I mentioned a couple of posts ago that the fairway shapes would be sprayed out to indicate the mowing lines and slightly altered and the West course was done this week with a slightly stronger line appearing that has caused some comment.  The actual shapes have not been formulated with any great strategy in mind but rather practicality.  They have been bought in around drainage grates, tree roots and areas under trees where leaves and sticks are always falling which can damage the blades of our mowers and with the new fairway mowers arriving on Monday, I want to protect them as much as possible.  They have also been reduced in some areas to allow for less mowing time.  The actual reduction is really very minimal and will not really have an impact on the total area of the fairways to any great degree.  Out of interest we have about 34 hectares of fairway area which is quite large when you consider that most 18 hole courses have about 14 hectares of mown fairway area.

Shaped around a messy tree on 1 West

Shaped around a drainage grate on 17 River

I could have made them this narrow!! 
This is at a pro tourny in Korea a few years ago.

Friday, December 9, 2011

Weekly roundup

The new Intermediate Mower has arrived and has been put to work with impressive initial results.  The photo below shows it in action mowing around the 1st West tee and it has handled any mounds we have thrown at it with ease.  There will be a period of settling in for some areas as the mower previously used on these areas was a "reel" type mower and the new one is a "rotary" type which will result in some minor scalping in a few areas.  Also notice in the photo the tee board at the 1st tee with the days sponsors displayed for all to see.  Just some more value for our valued sponsors.

New Toro 4700 in action

The new sand has been added to selected bunkers and we have had some positive feedback from a few players this week.  The real test for the sand will be when it installed on the face of the bunkers and its ability to withstand ball impact.  We used a backhoe to spread and compact the sand and also wheel rolled it with the bunker rake machines.  The recent heavy rain will also help firm the sand up.   It is interesting to see the amount of the sand that is splashed up on to the face of the bunkers with every shot played which is quite easy due to the different color.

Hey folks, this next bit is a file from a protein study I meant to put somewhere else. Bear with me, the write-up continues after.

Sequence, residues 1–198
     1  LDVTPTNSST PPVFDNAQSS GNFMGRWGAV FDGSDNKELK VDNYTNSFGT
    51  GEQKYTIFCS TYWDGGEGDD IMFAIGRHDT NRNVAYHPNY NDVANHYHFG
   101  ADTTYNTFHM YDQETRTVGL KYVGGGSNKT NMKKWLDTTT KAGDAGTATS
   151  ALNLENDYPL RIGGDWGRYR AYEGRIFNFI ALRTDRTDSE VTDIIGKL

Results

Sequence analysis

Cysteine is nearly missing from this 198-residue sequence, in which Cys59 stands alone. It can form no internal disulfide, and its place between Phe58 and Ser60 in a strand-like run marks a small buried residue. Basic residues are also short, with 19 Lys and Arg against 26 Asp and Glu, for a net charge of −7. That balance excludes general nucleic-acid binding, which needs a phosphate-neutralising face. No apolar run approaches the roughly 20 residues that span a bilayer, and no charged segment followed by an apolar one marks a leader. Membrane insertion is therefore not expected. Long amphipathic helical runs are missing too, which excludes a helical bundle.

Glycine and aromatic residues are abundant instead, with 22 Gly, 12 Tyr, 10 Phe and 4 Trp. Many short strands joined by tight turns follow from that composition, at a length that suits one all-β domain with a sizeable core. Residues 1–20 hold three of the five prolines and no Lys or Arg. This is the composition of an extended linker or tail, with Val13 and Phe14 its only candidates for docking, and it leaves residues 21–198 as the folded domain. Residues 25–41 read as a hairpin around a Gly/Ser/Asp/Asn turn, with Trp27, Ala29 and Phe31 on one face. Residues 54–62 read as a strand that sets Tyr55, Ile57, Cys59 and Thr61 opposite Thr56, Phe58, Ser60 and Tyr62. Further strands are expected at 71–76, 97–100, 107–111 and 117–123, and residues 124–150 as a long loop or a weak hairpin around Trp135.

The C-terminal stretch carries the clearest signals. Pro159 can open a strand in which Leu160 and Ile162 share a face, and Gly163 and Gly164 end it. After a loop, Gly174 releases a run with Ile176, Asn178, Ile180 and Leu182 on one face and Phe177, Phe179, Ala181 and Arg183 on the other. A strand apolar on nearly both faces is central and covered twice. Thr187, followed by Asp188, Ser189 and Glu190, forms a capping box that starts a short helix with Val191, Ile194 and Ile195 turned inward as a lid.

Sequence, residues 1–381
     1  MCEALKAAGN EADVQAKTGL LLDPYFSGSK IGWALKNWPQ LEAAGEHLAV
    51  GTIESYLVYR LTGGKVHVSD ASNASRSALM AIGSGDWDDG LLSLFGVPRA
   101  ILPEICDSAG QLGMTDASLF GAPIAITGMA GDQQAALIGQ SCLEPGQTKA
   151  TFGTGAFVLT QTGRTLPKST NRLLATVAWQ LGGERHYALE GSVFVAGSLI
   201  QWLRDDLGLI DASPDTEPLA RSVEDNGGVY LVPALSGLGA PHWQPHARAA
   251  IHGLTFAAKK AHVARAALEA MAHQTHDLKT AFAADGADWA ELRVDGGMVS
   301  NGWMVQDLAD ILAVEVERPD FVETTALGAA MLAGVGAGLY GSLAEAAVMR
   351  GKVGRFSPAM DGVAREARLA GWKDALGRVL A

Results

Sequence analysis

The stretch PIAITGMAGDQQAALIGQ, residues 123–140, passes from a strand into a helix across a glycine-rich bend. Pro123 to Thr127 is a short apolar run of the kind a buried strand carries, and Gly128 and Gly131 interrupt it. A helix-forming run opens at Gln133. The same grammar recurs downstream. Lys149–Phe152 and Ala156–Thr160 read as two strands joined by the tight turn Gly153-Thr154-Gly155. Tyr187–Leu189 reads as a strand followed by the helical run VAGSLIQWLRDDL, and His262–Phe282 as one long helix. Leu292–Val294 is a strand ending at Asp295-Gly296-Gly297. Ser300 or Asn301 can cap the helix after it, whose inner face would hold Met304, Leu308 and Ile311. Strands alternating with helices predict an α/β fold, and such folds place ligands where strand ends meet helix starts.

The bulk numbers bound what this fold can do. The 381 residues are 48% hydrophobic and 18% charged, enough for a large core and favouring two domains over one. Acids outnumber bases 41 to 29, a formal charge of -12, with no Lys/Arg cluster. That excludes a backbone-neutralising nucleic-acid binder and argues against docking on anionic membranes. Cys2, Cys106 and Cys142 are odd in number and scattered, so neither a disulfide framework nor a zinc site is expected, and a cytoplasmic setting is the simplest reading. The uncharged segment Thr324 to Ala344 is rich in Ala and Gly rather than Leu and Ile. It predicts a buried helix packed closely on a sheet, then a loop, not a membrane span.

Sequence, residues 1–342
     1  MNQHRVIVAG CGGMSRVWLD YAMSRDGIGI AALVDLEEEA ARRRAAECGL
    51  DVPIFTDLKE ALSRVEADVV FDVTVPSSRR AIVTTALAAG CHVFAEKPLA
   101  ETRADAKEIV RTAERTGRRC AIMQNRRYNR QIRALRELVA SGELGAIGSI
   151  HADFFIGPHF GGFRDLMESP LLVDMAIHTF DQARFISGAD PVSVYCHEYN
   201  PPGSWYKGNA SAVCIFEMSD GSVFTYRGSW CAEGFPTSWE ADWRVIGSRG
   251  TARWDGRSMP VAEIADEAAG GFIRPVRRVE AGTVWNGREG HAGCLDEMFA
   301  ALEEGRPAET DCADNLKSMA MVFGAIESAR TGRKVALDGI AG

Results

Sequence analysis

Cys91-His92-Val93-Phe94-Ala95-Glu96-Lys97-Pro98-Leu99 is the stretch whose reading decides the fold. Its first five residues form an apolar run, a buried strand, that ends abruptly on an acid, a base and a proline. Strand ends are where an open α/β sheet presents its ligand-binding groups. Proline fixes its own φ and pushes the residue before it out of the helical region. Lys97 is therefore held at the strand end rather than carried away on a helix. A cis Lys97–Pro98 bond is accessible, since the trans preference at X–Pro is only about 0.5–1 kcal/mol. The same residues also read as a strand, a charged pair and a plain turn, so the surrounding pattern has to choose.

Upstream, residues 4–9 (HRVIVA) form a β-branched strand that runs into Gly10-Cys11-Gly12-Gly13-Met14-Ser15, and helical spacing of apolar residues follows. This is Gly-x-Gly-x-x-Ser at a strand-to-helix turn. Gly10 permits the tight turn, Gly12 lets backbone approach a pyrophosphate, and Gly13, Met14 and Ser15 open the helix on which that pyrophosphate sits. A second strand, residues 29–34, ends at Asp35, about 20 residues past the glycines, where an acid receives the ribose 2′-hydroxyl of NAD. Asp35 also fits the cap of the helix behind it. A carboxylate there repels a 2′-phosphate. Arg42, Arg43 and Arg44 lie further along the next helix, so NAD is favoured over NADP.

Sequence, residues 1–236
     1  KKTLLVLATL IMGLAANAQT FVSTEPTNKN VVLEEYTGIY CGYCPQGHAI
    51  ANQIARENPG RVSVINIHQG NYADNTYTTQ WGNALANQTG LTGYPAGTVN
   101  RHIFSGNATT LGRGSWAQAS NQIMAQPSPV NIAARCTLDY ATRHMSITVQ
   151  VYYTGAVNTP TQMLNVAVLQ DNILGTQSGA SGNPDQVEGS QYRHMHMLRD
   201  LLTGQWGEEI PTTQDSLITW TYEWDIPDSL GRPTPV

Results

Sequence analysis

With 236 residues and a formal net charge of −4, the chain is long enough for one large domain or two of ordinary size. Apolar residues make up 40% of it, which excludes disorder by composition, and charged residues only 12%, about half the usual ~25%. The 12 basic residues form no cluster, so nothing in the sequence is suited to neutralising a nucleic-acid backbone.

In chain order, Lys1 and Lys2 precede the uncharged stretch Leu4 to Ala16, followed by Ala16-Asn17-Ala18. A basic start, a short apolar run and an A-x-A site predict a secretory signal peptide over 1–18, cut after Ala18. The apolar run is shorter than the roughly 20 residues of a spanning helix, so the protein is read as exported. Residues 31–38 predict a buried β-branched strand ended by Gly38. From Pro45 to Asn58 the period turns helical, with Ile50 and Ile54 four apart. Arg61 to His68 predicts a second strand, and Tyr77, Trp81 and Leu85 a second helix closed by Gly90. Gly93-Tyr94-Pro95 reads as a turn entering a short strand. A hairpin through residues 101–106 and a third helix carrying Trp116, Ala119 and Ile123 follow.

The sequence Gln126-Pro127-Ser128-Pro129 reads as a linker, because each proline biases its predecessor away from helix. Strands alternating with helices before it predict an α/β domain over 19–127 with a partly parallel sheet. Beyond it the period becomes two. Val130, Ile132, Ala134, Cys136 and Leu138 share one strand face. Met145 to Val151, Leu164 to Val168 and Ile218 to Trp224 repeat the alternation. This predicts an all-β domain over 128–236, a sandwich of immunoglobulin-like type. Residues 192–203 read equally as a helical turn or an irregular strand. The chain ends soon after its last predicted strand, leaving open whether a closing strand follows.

Backhoe in RHS 9 West

Whilst on the rain we finished up with 140mm in 24 hours from lunchtime Wednesday, much of which was good soaking rain which is just what we needed rather than the 25mm that fell in 20 minutes the previous Thursday and rendered the course temporarily unplayable as the photo of 10 west green shows.  The only worrying trend over the past 4 to 6 weeks is that the weather bureau has been spot on with their predictions!  They forecast that heavy rain last week almost to the minute and were the same with the timing of this weeks.  Unfortunately they are predicting rainfall for the next 3 days with a 95% chance on Saturday for up to 10mm then a 100% chance for Sunday with up to 25mm and a 95% chance for Monday with up to 25mm.  Let's hope they have gotten it wrong.

10 West flooded

The West greens are showing good recovery and with some plugging out this week should be back to a full cover shortly.  I mentioned a couple of posts back that a combination of events had caused significant stress and some turf loss.  As things have settled it is apparent that the greens with the variety of Bentgrass "1019 / 1020" (greens 2,5,6,7,8,9,10,18 and the practice) were worst affected  which has everyone scratching their heads as to why.  The one positive is that we have certainly killed the Poa (wintergrass) which is good as due to its shallow root system it is very quick to die out under summer heat stress.